Two of the world’s biggest trade credit insurers have stopped providing cover for exporters to Greece in highly unusual moves reflecting their concern the country might leave the euro zone.
Brokers said the decisions by Euler Hermes and Coface were the only instances they could recall of trade credit insurers pulling out altogether from a European country.
The insurers cover the risk to companies that their clients will run into such serious financial difficulties that they will be unable to pay their bills.
Kostis Michalos, chairman of the Athens Chamber of Commerce, said: “It gives importers a very difficult choice: find an alternative insurer and pay through the nose, or simply take the risk themselves — which is what some companies will do.”
Their withdrawals in part reflect the risk that Greek importers will still have an obligation to pay their suppliers in euros even if the country readopts the drachma.
Euler Hermes, owned by German insurer Allianz, has reduced cover in recent months, but said on Wednesday it had decided to suspend offering new insurance altogether.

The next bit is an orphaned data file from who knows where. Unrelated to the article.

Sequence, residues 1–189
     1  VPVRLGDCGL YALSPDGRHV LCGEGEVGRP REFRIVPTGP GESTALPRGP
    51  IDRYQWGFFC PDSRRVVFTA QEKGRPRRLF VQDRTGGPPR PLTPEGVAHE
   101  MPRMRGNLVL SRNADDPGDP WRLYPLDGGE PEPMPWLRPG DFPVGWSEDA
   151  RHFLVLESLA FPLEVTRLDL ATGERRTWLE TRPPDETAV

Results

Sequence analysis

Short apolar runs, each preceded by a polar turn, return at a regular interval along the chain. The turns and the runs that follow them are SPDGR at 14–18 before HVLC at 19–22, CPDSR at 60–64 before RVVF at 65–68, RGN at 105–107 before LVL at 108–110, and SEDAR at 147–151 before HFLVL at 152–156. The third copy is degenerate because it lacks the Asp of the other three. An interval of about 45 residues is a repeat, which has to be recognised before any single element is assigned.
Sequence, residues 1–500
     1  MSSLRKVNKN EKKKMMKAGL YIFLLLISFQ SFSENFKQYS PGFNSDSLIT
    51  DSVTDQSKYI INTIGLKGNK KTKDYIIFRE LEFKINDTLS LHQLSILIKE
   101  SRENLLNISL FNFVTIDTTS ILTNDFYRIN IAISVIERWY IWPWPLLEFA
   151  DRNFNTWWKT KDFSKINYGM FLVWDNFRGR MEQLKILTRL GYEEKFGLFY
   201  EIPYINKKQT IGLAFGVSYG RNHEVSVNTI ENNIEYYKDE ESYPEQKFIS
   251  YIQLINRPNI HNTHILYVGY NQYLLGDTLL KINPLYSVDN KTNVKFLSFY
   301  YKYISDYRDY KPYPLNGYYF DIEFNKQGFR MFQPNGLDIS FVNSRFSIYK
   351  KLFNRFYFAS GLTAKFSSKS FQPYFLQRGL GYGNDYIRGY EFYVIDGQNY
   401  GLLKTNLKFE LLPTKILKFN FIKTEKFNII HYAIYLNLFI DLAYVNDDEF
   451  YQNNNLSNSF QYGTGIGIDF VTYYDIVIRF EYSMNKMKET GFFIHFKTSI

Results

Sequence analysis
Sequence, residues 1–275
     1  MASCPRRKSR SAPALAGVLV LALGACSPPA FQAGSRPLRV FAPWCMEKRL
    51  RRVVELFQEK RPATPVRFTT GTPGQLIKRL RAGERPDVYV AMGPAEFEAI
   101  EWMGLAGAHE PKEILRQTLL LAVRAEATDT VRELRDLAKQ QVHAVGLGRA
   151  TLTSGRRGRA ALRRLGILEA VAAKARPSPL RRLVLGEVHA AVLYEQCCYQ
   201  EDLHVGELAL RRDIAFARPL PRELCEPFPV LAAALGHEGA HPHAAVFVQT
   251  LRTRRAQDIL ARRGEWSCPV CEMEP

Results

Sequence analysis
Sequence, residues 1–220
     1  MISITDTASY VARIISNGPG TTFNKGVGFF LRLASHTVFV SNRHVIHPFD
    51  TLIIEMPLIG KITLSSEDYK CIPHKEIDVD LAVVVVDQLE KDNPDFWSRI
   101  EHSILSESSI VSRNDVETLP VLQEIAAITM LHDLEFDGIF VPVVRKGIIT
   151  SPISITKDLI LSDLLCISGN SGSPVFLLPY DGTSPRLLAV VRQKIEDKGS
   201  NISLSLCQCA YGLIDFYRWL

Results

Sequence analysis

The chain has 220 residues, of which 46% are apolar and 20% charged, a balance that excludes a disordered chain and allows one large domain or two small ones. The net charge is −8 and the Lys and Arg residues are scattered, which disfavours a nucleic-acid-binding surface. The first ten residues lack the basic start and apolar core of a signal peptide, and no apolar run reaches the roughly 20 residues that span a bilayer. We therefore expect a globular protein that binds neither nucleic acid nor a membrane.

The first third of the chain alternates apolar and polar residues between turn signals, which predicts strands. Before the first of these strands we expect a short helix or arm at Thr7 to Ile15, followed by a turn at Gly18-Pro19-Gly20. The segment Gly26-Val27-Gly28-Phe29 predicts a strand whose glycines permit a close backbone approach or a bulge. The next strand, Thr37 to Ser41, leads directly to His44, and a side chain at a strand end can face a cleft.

“Due to the recent economic developments and political uncertainties, exporting to Greece has become substantially more risky,” it said.
“Shipments already made remain insured. As soon as the situation improves, Euler Hermes will reconsider its decision.”
Coface, another large global trade credit insurer based in France, disclosed on Wednesday that it had stopped writing new contracts several months ago.
Greek imports have declined significantly over the past two years, amid a worsening credit squeeze and a sharp fall in domestic demand.
More than 20 percent of retail outlets nationwide selling imported goods have shut down, according to the Greek retailers’ association. “We see that goods are already missing from supermarket shelves as the situation has worsened,” Mr. Michalos said.
One importer of household fittings said: “It will create further issues for Greek buyers ... It reinforces the vicious circle that we’re in.”
An importer of paper products said: “Over the past two years, Greek importers have moved from payment on delivery plus 90 days, to payment on delivery, to payment before goods are shipped,” he said.
“This is another blow but at this stage only to be expected.”
Robert Nijhout, executive director at trade body The International Credit Insurance & Surety Association, said: “Greece — and southern Europe overall — is a concern.
“In 2011 our claims rose by 30 percent as an industry, largely caused by losses in that part of Europe.”
Tim Smith, head of trade credit at insurance broker Marsh, said: “Usually they are more likely to withdraw from certain industry sectors or companies. For an underwriter to withdraw it needs to be under extreme circumstances — such as when they start to see widespread defaults.”